>  Wider societal impact

Suzanne’s actions at UQ have had a wide societal impact. She believes universities are in a unique position to influence the leaders of tomorrow and the direction of future research. A ‘pebble in the pond’ at a university can create lifelong ripples, she believes. It is Suzanne’s hope that the current engagement and student programs she has helped to build, and those students she has mentored, will make ripples in the wider community, both now and into the future.

As a large, ACTS and Group of Eight institution, UQ is in a unique and privileged position to influence sustainability locally, nationally and internationally. Suzanne’s actions aim to maximise the University’s potetial and position. In addition to the immediate positive outcomes of her projects, Suzanne aims to motivate others to undertake similar initiatives, creating more ripples. For example, the student-led Green Ambassador Program offers networking and volunteering opportunities with environmental organisations outside of UQ, such as bushcare groups, as well as other community and university organisations. This spreads the word of UQ Sustainability to outside organisations, spurring them to do more, and highlighting the organisations UQ collaborates with in their own right.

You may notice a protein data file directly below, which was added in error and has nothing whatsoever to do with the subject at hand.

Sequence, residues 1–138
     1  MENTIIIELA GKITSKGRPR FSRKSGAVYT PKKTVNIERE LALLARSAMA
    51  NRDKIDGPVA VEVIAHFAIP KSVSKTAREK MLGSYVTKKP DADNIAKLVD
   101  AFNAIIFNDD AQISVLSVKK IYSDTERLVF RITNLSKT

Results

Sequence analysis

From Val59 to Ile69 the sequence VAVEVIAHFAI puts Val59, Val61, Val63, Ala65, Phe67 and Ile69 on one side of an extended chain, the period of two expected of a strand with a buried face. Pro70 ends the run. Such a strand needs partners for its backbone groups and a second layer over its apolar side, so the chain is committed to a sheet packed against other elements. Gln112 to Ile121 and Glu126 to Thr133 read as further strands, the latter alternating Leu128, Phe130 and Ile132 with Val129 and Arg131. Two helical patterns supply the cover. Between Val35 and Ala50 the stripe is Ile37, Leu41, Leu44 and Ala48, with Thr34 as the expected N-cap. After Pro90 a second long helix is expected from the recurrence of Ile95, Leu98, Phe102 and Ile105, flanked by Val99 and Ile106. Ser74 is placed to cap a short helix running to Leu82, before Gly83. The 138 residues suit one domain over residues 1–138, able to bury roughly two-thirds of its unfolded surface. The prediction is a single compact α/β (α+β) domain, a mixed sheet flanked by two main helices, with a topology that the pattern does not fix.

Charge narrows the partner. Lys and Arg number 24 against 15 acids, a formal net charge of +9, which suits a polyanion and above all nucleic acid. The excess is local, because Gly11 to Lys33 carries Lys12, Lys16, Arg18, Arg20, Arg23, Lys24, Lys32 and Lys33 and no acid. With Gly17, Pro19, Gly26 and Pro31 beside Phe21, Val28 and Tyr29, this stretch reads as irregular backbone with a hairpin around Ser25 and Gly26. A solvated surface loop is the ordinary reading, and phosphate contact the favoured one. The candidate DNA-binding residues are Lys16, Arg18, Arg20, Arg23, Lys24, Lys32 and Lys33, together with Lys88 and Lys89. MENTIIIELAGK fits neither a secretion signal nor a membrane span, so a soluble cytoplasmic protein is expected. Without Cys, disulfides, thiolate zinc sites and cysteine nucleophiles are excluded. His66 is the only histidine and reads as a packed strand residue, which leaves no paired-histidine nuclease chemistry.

The general community is positively influenced by UQ through the University’s public events, which spread sustainability into the community and motivate individuals to do more. UQ Sustainability’s achievements inherently signify that a large-scale, public institution values sustainability, and it is therefore valuable in the wider world. This can motivate policy makers, businesses and those in power to take environmental action. Overall, the legacy of Suizanne’s actions within the UQ Sustainability office is that the University now has numerous ways to engage its community with sustainability. UQ itself also operates more sustainably thanks to several of Suzanne’s initiatives. As an output of her dedication to mentoring and broader engagement, future professionals will enter the workforce with sustainable and circular economy thinking, and a passion to make a difference. The pebbles thrown into the pond at UQ will ripple out through the students it educates, causing waves within the world to ‘create change’.